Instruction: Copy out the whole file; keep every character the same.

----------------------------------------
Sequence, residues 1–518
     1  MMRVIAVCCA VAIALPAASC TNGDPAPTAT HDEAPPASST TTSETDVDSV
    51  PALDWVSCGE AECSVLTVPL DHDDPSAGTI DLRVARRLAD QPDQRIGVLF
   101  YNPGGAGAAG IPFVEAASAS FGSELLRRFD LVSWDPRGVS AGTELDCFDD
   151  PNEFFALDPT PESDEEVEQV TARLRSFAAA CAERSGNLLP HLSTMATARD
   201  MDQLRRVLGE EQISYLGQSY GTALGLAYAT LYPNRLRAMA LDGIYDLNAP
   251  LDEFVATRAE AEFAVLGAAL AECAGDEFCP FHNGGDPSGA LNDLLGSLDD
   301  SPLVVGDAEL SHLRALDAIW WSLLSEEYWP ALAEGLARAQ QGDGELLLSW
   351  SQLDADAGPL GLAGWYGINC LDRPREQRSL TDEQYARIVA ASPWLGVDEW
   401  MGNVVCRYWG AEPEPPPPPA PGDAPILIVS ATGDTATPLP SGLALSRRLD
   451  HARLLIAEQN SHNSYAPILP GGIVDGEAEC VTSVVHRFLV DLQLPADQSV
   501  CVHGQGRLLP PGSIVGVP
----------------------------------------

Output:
Sequence, residues 1–518
     1  MMRVIAVCCA VAIALPAASC TNGDPAPTAT HDEAPPASST TTSETDVDSV
    51  PALDWVSCGE AECSVLTVPL DHDDPSAGTI DLRVARRLAD QPDQRIGVLF
   101  YNPGGAGAAG IPFVEAASAS FGSELLRRFD LVSWDPRGVS AGTELDCFDD
   151  PNEFFALDPT PESDEEVEQV TARLRSFAAA CAERSGNLLP HLSTMATARD
   201  MDQLRRVLGE EQISYLGQSY GTALGLAYAT LYPNRLRAMA LDGIYDLNAP
   251  LDEFVATRAE AEFAVLGAAL AECAGDEFCP FHNGGDPSGA LNDLLGSLDD
   301  SPLVVGDAEL SHLRALDAIW WSLLSEEYWP ALAEGLARAQ QGDGELLLSW
   351  SQLDADAGPL GLAGWYGINC LDRPREQRSL TDEQYARIVA ASPWLGVDEW
   401  MGNVVCRYWG AEPEPPPPPA PGDAPILIVS ATGDTATPLP SGLALSRRLD
   451  HARLLIAEQN SHNSYAPILP GGIVDGEAEC VTSVVHRFLV DLQLPADQSV
   501  CVHGQGRLLP PGSIVGVP